In the American Democracy it is vital for our right to freedom of press to be put into full
throttle. Without the press, the society would be clueless and blind of Washington’s dealings and
business. The press informs the public, for better or worse, about what really goes on in
Washington. But during the Watergate Scandal, the press coverage of the scandal demonstrated
some of the best and the worst aspects of the way the American press covers the presidency.
Richard Nixon despised the press. From the days when he was Vice President and
Governor, he had no trust for the press. Even when he used the press for his advantage to expose,
what he believed to be, Communist influences in America, he feared the press.Though Nixon had
won the endorsement of many newspapers during the 1960 Presidential Campaign, Nixon still
thought ill of the press and believed them to be unfair to him. Nixon became even more bitter in
1962 after he lost the election to be governor of California. Nixon bitterly claimed that they
wouldn’t have Richard Nixon to “kick around anymore”. He had retired from politics but that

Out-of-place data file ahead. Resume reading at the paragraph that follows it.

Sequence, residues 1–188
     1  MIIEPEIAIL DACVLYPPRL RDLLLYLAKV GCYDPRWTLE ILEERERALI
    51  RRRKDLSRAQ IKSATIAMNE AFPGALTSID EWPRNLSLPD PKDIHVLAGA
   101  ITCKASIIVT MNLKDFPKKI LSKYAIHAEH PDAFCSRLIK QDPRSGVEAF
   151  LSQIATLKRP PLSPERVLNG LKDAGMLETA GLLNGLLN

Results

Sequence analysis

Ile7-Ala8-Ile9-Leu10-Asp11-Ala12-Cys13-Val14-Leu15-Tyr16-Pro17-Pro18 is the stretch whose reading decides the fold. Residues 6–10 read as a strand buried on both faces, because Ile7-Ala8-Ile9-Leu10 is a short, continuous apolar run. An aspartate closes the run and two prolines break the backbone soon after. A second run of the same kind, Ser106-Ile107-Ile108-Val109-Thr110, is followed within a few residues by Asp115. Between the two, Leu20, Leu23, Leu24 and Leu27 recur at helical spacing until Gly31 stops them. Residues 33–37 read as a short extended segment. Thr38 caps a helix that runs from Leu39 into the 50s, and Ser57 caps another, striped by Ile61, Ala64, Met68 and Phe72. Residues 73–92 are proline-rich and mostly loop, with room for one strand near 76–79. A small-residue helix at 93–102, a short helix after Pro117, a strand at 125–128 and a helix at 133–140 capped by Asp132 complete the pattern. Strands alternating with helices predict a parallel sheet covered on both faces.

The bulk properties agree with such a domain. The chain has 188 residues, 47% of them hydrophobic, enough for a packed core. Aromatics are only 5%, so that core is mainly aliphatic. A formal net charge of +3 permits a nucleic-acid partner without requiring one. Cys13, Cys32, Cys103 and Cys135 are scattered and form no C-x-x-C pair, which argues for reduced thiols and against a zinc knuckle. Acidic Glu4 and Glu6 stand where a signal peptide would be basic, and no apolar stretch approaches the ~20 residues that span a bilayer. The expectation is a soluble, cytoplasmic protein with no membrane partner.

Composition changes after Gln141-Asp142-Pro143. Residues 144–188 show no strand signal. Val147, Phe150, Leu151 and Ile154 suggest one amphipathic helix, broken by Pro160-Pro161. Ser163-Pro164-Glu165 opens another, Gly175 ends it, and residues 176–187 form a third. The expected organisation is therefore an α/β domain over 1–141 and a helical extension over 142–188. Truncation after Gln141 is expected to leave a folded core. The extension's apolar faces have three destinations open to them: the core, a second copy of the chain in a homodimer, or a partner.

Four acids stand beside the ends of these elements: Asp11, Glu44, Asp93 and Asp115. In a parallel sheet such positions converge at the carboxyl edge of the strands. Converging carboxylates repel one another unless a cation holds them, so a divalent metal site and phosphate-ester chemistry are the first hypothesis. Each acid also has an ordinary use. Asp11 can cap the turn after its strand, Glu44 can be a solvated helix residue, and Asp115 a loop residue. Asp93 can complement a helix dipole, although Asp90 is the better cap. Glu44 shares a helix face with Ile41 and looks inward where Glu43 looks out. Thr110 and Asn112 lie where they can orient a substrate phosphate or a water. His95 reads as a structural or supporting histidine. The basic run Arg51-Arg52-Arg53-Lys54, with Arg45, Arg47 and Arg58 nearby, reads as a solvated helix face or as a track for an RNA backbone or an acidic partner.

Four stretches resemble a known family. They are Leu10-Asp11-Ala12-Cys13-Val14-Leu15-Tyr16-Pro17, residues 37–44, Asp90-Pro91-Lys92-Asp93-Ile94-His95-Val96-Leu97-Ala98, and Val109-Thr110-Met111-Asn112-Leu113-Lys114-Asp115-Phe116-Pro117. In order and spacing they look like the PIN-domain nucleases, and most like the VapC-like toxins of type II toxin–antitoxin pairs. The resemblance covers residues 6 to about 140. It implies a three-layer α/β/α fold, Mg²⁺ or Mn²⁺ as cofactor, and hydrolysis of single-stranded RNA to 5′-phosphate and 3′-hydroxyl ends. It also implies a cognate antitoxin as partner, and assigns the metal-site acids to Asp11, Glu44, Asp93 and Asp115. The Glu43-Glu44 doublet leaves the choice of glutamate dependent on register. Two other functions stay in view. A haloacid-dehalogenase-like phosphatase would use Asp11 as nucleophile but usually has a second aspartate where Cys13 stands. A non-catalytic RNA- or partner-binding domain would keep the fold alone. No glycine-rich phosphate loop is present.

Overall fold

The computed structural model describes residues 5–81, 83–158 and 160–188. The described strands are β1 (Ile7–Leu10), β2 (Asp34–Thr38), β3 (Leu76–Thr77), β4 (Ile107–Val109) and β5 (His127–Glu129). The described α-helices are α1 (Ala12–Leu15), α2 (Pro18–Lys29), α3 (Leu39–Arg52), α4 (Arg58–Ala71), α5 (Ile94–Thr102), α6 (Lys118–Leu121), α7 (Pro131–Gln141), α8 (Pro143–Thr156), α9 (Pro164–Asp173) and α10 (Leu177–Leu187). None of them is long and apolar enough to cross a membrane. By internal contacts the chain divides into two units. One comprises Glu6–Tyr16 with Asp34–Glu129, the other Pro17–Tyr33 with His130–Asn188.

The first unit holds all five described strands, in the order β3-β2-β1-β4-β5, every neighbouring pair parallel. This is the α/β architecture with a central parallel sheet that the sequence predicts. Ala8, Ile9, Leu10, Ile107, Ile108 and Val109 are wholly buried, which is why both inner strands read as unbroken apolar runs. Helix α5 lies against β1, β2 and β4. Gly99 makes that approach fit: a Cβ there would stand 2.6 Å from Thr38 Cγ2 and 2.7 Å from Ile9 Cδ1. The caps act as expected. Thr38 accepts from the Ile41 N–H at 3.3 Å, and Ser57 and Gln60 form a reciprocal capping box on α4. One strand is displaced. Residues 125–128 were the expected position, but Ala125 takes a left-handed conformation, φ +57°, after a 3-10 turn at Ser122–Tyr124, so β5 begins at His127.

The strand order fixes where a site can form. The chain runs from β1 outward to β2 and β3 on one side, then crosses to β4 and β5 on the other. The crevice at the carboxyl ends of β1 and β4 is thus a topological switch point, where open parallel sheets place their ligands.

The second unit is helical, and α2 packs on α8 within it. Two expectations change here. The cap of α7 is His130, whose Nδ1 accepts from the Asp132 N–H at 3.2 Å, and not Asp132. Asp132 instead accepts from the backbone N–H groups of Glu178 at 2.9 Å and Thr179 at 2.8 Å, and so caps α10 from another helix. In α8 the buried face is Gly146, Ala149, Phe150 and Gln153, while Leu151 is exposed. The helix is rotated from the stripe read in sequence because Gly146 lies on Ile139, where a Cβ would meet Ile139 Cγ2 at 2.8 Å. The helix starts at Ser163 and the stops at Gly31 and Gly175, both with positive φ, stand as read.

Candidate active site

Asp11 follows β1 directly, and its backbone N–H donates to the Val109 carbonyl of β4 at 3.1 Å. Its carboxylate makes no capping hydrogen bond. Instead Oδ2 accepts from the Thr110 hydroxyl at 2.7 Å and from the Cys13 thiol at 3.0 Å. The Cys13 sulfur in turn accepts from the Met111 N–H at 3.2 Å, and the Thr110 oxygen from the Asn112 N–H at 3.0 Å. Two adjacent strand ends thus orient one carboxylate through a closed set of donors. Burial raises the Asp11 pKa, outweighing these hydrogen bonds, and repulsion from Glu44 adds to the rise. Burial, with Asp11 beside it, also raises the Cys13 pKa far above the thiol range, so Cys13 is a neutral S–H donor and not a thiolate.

was short lived as he became president in 1968, but even then, Nixon remained careful of the
press, fearful that they would leak and expose secrets. He was so scared that he had tapped
prominent Washington reporters and official’s telephones that he feared would leak information.
Within days after the Watergate break in, there were reason to believe that the burglars had
connections with the White House highest powers. Despite the sensational revelations, many of the
press lost interest in the story very quickly. Most the press accepted the claim of the White House
Press Secretary that the incident was “third-rate burglary”. Though the Washington Post covered
the story, the Post was not thrilled with the story atfirst. They assigned two relatively